The Rab Windveil was one of the most water resistant wind breakers in our shower test. It is made of Pertex, which is woven to include DWR (durable water resistant) properties in the fabric itself, rather than needing a separate DWR coating applied. This means the DWR properties will last forever and can't wear off!

Weight and Packability


Our men's size large jacket weighed 5.3 ounces fresh out of the shipping box. This was a bit lighter than Rab claimed on their website, and good enough for seven points compared to the competition. While it was about two ounces heavier than the Salomon Fast Wing Hoodie, it also had features like pockets that others did not. We awarded one bonus point for packability. The entire jacket stuffs into an internal mesh pocket quite easily that is fastened with two small buttons, is quite small, and has a reinforced clip-in loop for attaching to harnesses. Our only concern is that the mesh stuff pocket seems vulnerable to catching and tearing against abrasive rock if it is stored on the back of the harness and you are chimneying your way up Epinephine at Red Rocks.

The ten wind breakers in this review stuffed into their pockets'  from left to right: Sierra Designs Exhale Windhirt (green) does not fit into a pocket  Marmot Ether DriClime Hoody (orange)  Mountain Hardwear Ghost Lite Pro (light orange)  Patagonia Alpine Houdini (navy)  Mountain Hardwear Ghost Lite Jacket (glossy black)  Salomon Fast Wing Hoodie (neon green) Patagonia Houdini (black)  Rab Windveil (white mesh)  Arc'teryx Squamish Hoody (brown)  Outdoor Research Tantrum (neon yellow).
The ten wind breakers in this review stuffed into their pockets', from left to right: Sierra Designs Exhale Windhirt (green) does not fit into a pocket, Marmot Ether DriClime Hoody (orange), Mountain Hardwear Ghost Lite Pro (light orange), Patagonia Alpine Houdini (navy), Mountain Hardwear Ghost Lite Jacket (glossy black), Salomon Fast Wing Hoodie (neon green) Patagonia Houdini (black), Rab Windveil (white mesh), Arc'teryx Squamish Hoody (brown), Outdoor Research Tantrum (neon yellow).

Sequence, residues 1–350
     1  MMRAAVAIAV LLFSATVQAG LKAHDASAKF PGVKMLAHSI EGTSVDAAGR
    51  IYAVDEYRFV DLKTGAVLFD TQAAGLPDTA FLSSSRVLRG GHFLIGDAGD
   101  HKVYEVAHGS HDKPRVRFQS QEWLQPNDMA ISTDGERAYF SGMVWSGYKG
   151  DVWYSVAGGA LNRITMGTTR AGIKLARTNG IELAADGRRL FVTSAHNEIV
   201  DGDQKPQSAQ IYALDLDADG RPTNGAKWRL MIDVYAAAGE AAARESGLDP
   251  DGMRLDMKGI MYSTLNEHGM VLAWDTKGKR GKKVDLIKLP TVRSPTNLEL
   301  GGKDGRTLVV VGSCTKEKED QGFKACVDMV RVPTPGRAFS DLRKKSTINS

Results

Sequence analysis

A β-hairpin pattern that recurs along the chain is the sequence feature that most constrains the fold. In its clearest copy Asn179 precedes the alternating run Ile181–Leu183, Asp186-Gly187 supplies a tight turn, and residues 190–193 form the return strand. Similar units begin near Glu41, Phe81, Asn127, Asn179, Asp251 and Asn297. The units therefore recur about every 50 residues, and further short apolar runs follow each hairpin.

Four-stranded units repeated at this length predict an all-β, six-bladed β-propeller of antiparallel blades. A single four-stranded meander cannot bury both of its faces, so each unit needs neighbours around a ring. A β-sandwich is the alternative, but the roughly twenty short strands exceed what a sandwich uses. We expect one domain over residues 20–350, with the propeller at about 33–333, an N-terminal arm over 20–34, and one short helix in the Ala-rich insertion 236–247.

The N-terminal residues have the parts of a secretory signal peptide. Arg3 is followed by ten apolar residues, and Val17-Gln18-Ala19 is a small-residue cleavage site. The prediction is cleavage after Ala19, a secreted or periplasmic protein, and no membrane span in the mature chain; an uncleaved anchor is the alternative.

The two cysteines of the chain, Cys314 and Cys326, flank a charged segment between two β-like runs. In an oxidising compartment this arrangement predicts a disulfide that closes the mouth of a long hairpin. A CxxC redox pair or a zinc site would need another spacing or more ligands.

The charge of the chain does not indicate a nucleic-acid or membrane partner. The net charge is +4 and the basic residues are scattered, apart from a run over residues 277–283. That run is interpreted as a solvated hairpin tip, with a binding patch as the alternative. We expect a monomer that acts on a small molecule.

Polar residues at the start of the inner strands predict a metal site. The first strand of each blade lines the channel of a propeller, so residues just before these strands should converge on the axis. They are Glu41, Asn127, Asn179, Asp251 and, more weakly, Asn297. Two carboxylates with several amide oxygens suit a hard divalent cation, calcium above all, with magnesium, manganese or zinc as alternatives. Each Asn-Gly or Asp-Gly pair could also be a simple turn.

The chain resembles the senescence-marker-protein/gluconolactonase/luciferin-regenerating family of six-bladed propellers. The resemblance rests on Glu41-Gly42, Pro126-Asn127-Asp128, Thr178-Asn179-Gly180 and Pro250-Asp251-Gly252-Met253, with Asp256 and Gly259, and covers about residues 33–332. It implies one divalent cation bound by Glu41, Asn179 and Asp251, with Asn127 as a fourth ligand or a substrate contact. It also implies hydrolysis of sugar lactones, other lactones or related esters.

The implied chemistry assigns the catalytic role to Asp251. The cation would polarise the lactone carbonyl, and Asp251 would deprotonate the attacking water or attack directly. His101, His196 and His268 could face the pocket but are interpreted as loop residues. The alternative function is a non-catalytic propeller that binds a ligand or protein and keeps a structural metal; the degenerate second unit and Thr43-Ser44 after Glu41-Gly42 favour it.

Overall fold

Best Applications


The Windveil Jacket is incredibly versatile and will be a great jacket for all sorts of different activities. Due to its superior water resistance, this jacket is far more versatile than many of its competitors. We think it is great for climbing and peak bagging, and also loved using it while trail running, hiking, and hanging out at music nights in the park. It would also be a good fit for backpacking due to its light nature and water resistance. It's hard to think of a situation where this jacket wouldn't work.

Wind breakers are quite possibly the most versatile layer of outdoor clothing ever invented! Here we are wearing the Rab Windveil during an evening mountain bike ride in the mountains. This jacket kept us from getting chilled  protected us from a cool breeze  and also breathed well enough to prevent excessive sweatiness.